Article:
This is Port-au-Prince before the 12th of January 2010.
On that date a devastating magnitude 7 earthquake struck Haiti.
Hundreds of thousands of people were killed, injured or displaced.
Its force meant that some level of destruction was unavoidable.
But the impact of natural disasters is often worse in LEDCs or Less Economically Developed Countries, like Haiti.
The primary effects of earthquakes are those directly caused by the shaking and deformation of the ground.
These include damage to the natural environment, like earth surface ruptures and damage to the man-made environment, including building collapse, damage to transportation links and communication lines and disruption of water and gas pipes.
In LEDCs, major towns and cities like Port-au-Prince tend to be densely populated areas, with badly constructed buildings, which worsen impact of primary effects.
97,000 homes destroyed by Haiti earthquake
Secondary effects soon follow the initial devastation.
These include effects on the natural landscape, such as fires or landslides and effects on the built environment like pollution, water contamination and the spread of disease.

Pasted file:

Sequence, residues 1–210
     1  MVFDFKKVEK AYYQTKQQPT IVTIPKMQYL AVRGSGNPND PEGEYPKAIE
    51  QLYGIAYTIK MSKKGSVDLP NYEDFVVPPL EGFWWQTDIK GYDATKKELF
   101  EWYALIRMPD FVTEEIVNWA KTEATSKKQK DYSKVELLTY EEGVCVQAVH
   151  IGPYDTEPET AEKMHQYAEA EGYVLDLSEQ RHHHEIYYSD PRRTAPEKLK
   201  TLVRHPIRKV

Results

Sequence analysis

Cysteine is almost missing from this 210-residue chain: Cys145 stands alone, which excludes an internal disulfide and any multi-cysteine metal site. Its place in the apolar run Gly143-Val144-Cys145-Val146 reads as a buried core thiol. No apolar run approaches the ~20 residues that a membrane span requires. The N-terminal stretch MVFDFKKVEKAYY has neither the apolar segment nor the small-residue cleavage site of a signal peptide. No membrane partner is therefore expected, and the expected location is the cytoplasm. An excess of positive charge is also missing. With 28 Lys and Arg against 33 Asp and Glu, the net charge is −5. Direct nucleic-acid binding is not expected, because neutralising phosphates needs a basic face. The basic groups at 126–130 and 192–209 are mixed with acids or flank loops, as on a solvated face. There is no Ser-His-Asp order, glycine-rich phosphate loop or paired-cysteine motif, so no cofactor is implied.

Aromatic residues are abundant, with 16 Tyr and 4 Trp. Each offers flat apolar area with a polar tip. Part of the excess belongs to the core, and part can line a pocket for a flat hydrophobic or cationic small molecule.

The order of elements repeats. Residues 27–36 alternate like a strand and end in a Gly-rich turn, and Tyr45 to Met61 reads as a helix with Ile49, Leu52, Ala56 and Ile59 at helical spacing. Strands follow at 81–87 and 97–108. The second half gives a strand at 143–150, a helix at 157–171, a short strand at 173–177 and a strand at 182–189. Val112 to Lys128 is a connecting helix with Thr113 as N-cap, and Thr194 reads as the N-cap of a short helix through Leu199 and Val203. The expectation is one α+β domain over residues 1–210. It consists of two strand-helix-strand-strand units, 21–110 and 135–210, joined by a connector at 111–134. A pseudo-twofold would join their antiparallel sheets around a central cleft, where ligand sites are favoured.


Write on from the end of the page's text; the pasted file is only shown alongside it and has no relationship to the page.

Haiti suffered from an outbreak of cholera and limited medical supplies.
Just as the characteristics of LEDCs can exaggerate the impact of a natural disaster, they may also limit the country's capacity to respond.
Haiti's limited resources hampered its initial response, with only bare hands and basic tools available for rescue attempts.
Its insufficient medical facilities were quickly overrun.
And the region's crippled infrastructure left transport and communication systems in disarray.
Long-term responses to an earthquake – including aid – happen over time, to help restore the region.
But in Haiti, some aid ships were turned away because of congestion and logistical problems.
And the long-term recovery, and reconstruction of buildings, has been slow.
Six months after the earthquake, 98% of the rubble it created remained unmoved.
According to the United States Geological Survey, if the official estimates are correct, the Haiti earthquake was the second deadliest in history.
A death and devastation toll worsened by the limited capacity of an LEDC to respond.